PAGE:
Selected excerpts from the book Divorce: Making the Break
by David Bell, published by Siles Press


A marriage is a series of innumerable daily contracts between partners. When we analyze the layers of a marital relationship, it’s remarkable how complicated the coexistence really is.
        As individuals, we need a safe, supportive emotional and physical environment that allows us to grow. Each of us has a strong will to shape and control our life environment.
        All group dynamics—whether in a corporation, a sports team, or a marriage—have an inherent tension between the needs/wants of the individual and the needs/wants of the group or partnership. Finding an appropriate balance between them can be difficult.
        Almost every minute of married life represents a negotiated contractual agreement with a spouse—our job, our house, the car we drive, how money is earned and spent, which side of the bed we sleep on, where our toothbrush and comb are stored.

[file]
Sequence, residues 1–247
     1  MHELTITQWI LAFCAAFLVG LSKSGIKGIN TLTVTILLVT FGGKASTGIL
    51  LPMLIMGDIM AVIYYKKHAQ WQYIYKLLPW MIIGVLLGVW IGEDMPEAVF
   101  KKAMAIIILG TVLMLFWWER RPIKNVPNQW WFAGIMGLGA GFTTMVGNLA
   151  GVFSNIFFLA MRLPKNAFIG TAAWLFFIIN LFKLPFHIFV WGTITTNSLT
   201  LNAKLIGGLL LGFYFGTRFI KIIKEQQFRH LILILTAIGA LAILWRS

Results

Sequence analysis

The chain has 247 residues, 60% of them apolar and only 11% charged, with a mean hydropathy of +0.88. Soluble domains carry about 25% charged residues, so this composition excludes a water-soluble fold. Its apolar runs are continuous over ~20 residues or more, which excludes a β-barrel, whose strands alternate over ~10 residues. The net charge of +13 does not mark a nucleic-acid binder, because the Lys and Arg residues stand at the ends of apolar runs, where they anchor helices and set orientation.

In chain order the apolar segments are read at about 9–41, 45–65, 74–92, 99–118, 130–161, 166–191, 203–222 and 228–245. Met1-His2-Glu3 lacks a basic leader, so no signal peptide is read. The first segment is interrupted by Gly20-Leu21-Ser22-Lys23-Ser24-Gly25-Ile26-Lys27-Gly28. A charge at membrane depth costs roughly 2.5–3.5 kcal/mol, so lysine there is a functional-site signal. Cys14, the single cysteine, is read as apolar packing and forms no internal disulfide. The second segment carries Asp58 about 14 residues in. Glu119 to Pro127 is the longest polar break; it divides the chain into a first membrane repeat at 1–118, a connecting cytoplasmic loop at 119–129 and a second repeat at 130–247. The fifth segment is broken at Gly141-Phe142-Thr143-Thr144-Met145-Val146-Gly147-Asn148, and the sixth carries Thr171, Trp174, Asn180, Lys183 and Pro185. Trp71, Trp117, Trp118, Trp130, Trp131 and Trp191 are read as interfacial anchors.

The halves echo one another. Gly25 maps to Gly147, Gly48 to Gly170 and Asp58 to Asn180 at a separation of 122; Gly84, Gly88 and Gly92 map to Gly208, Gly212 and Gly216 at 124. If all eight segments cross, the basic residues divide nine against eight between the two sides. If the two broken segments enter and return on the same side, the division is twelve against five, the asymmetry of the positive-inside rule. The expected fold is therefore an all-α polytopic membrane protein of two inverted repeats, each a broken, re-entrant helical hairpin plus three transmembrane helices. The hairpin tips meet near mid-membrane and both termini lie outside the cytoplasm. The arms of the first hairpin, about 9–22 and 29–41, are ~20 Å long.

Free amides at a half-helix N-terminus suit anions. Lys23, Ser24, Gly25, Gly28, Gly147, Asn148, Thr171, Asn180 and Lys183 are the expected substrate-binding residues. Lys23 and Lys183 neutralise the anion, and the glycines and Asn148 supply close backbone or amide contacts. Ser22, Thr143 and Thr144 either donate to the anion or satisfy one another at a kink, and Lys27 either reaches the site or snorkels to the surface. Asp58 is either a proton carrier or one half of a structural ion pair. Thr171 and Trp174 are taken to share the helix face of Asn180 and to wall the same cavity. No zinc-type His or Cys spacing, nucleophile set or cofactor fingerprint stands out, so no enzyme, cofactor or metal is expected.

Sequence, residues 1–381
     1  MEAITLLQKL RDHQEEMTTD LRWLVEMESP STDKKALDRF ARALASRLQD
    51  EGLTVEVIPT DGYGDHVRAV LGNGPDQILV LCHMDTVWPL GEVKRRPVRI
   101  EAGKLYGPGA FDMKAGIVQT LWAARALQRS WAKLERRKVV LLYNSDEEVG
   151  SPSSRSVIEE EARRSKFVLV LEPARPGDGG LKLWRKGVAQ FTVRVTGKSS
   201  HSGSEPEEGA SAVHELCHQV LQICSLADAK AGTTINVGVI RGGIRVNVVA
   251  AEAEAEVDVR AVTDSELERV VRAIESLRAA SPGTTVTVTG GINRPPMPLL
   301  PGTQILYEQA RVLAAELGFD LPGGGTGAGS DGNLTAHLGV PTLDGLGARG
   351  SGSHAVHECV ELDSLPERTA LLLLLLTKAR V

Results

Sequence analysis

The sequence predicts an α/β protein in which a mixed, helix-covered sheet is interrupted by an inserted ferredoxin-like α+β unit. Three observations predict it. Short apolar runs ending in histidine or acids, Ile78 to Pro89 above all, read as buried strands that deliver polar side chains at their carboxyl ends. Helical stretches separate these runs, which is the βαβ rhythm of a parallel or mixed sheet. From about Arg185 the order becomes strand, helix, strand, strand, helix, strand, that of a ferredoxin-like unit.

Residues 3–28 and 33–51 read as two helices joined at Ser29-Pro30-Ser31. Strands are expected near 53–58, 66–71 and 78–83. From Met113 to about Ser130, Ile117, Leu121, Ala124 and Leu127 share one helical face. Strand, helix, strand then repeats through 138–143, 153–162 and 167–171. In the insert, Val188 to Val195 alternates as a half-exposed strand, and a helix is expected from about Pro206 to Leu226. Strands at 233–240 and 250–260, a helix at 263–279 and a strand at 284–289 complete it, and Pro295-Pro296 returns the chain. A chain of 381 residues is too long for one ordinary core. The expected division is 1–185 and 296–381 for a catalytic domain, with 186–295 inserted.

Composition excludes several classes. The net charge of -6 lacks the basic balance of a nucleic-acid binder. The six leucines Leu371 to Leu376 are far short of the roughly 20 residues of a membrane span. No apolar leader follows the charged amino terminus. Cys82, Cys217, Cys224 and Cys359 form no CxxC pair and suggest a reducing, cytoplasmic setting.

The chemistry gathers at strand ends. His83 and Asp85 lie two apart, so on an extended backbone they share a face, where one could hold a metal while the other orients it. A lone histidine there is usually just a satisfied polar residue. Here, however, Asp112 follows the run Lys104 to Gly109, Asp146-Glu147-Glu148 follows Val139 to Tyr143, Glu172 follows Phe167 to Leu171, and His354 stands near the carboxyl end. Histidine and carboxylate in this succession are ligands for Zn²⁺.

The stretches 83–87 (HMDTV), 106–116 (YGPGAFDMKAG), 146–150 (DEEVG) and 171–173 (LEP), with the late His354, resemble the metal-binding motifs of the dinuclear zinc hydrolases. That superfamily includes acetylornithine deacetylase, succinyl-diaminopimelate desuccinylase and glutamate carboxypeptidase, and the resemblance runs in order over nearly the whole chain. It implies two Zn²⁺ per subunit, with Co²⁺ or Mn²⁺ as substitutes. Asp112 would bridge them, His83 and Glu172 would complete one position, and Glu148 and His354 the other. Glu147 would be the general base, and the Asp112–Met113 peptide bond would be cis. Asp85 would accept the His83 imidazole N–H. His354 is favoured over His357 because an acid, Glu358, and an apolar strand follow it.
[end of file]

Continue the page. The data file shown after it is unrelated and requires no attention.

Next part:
A surprising number of these are unspoken contracts that just evolve into the fabric of daily life. And, being unspoken, they may not be good contracts but are assumptions that each partner has about the marriage. Assumptions are often a result of poor communication—one partner can assume the other has entered into a contract when the other has no clue a contract existed.
        Many of these assumptions may be carryovers from the family life each partner experienced as a child (Dad maintained the house and car; Mom was primary child-care provider) and may not have a major effect on the partnership. However, other assumptions may indeed have a negative impact on the partnership.
        Throughout the marriage each partner has a conscious or unconscious list of which marital contracts (and assumptions) he/she would like to see remain intact and which he/she would like to see change over time. These lists may not be the same for both partners.